Additionally, the contents aim to prepare nurses to holistically understand the child within her family and social contexts. All the teachers agreed that the healthcare comprehensiveness principle means to connect the child with broader family and social contexts, which are social determinants of health. Hence, the statements pointed out a conception of comprehensiveness that goes beyond the biological aspects, a perspective in which the child is seen in her totality and where social determinants are taken into account. In this aspect, the testimonies show that children’s health teaching standards include the comprehensiveness principle into nurses’ education, as verified in a study carried out with teachers in a nursing undergraduate course in the State of Goiás(15).

This critical-reflexive positioning shows a deep concern regarding associating the nursing care with the social determinants of the health-disease process; however, such a standard still needs to be incorporated in the professionals’ education. For this purpose, the teaching must take students to understanding that disease events are far more than biological episodes only; the focus of the health practices should go beyond the disease and address the personal and collective histories of individuals(1,15). In this context, the home visit strategy brings students closer to the social reality and widens the possibilities of holistically observing the individuals in their realities, thus contributing to the consolidation of their learning processes.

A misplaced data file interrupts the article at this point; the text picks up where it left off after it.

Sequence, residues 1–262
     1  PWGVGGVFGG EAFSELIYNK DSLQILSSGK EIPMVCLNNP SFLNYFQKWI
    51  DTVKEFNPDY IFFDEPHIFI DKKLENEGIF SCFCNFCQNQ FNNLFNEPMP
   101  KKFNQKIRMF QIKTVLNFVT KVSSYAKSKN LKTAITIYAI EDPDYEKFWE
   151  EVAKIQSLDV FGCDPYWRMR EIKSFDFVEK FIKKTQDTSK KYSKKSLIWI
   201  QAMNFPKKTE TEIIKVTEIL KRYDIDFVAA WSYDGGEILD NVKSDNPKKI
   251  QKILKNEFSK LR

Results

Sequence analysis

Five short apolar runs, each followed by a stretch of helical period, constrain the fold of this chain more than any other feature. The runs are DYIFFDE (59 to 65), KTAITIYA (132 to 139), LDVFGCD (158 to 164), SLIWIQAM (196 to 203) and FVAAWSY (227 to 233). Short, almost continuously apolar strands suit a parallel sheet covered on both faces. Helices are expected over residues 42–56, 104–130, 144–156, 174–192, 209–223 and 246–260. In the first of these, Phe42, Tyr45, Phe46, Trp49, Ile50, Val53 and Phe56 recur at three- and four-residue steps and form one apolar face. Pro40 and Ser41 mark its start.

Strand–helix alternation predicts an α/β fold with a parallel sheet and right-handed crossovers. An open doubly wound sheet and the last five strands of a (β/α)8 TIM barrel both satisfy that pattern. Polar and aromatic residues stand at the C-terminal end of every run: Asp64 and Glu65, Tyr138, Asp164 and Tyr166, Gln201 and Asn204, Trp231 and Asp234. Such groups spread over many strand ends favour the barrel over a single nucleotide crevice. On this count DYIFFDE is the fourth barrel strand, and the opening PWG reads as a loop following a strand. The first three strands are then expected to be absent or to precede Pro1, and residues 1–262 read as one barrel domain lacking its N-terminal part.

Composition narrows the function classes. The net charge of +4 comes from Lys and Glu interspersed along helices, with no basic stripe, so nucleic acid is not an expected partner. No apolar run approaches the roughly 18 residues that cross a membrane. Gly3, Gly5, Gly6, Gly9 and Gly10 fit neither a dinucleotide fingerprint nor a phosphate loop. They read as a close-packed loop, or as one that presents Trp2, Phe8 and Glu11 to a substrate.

This study did not assess the teacher-student relationship within the practice context; however, for nurse’s education to be grounded on the comprehensiveness principle it is crucial that the teacher’s practice also incorporate this principle in the caregiving service. From the standpoint of the nursing students, only a few teachers demonstrate in the field practice what is theoretically taught and it

is only by seeing the efforts and the concerns of the teachers about the patients, doing their best for them and rendering a humanized, comprehensive care, that students will be able to learn and incorporate the comprehensiveness principle in their own practice(16).

Results also showed that the contents addressed multileveled care actions, in accordance with the adopted comprehensiveness reference point. The practical teaching was carried out in the primary care, the hospital area and in other caregiving contexts, such as daycare centers, preschools and schools, thus providing the students with opportunities to develop promotion, prevention and care actions directed to ill children in all different complexity levels of the system, a desirable characteristic toward including the comprehensiveness principle into nurses’ education.